[Owasp-leaders] How many projects does OWASP need?

psiinon psiinon at gmail.com
Fri Apr 4 09:01:03 UTC 2014

OK, its a provocative title, but bear with me ;)

There have been lots of discussions on various lists about project statuses.
There have also been some 'interesting' related /r/netsec threads which,
give an insight into what some people outside of OWASP think of us:


One comment on the latter thread I found very interesting: "From an
organizational perspective, I'd rather have a small group of well
maintained projects than a large group of random projects that have no
direct AppSec purpose".

I'd like to start a discussion around that, although I clearly have a
vested interest in this :)

I think we should come to an understanding as an organization as to what we
are trying to achieve with the OWASP projects.
Are OWASP projects all about changing the appsec world?
Are they testing grounds for new ideas and concepts?
Are they there to fill in the gaps commercial products miss?
Are they vanity projects??

I'm hoping that we want our projects to change the appsec world in some way
- to help make the online world a little bit safer and further our mission.

If thats the case then we do need to be very realistic about what it takes
to make a 'significant' project, a project that makes a real difference.
It takes a hell of a lot of effort!
I've not counted how many hours I've spent on ZAP, and have no idea how
many hours all of the ZAP contributors have spent either, although
according to Ohloh its an estimated 252 person
years<http://www.ohloh.net/p/zaproxy/estimated_cost>of effort!

I think there is a tendency for people to reinvent the wheel and to create
a new project when a more useful alternative would be to extend a more well
established project. Thats not always a bad thing, but its definitely not
always a good thing either.

This might sound like I'm saying that we should raise the bar for accepting
Incubator projects.
I'm not.
In 2010 a project was accepted that had only one contributor and at that
time was just a minor fork of another open source project that had been
abandoned years ago. It also overlapped with one of the main OWASP projects
of that time, WebScarab.
If ZAP hadnt been accepted at that point then I probably would not have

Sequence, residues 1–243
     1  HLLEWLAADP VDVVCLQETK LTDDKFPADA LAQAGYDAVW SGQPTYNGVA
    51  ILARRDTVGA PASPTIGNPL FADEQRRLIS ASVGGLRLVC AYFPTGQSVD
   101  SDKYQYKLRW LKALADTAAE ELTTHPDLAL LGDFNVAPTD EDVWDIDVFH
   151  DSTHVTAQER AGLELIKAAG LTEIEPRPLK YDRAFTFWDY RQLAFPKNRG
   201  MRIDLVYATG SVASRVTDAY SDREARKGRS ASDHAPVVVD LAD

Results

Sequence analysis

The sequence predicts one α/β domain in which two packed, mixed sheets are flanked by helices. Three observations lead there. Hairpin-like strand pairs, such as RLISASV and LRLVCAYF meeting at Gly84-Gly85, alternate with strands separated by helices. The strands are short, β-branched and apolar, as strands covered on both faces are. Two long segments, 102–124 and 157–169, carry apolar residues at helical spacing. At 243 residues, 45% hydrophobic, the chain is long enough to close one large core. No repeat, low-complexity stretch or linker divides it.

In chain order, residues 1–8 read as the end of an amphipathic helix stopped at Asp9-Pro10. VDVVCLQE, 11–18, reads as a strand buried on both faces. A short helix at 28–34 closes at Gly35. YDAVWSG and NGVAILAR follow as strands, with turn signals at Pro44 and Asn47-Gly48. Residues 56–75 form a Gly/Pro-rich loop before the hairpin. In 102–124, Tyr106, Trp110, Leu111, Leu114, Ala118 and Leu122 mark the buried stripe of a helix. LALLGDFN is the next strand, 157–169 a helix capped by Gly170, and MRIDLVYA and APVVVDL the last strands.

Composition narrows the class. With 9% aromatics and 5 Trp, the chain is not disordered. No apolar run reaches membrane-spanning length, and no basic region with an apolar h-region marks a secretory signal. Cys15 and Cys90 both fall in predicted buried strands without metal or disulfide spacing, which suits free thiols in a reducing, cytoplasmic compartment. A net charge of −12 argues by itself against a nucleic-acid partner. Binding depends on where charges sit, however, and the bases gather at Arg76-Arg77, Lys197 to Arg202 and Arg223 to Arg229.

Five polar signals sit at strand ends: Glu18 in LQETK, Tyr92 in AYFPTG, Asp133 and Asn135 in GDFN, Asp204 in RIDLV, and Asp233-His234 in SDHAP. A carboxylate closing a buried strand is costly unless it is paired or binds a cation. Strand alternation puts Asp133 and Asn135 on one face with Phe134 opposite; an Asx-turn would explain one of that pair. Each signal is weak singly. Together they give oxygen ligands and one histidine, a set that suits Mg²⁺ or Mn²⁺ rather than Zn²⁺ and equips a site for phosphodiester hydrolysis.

been invited to talk at AppSec EU in Dublin in 2011 which in my view was
pivotal in raising ZAPs profile. Things may well have turned out very

So I do think its important that we foster new projects. Even ones that
compete with existing projects.
But I think the mass of projects is very confusing to people outside of

I would like the flagship projects to be much more visible on the OWASP web
site - I'd actually like them all to be clearly listed on the front page.
And I'm not talking about the little links at the top, we should be making
much more of them. (OK, I also want a complete revamp of the homepage, but
thats another matter;)
We should identify flagship projects that are, er, flagging, and move to
support them if we can. If that fails then they should loose their flagship
status. I know thats what we try and do now, but I think we should do this
more aggressively.
We should definitely promote new projects to flagship status, but we have
to maintain a high bar to entry.
We should continue to accept new projects into the Incubator steam with a
very low bar of entry, but we should stress that making a project
successful takes a lot of work and should ask the contributor to provide
some justification as to why their project should not be part of one of the
more established projects.
And if a project doesnt progress, if it doesnt produce anything meaningful
within a reasonable period of time then it should be completely dropped. Do
not pass GO, do not go to Inactive state, just dropped.

What does everyone else think?



OWASP ZAP <https://www.owasp.org/index.php/ZAP> Project leader
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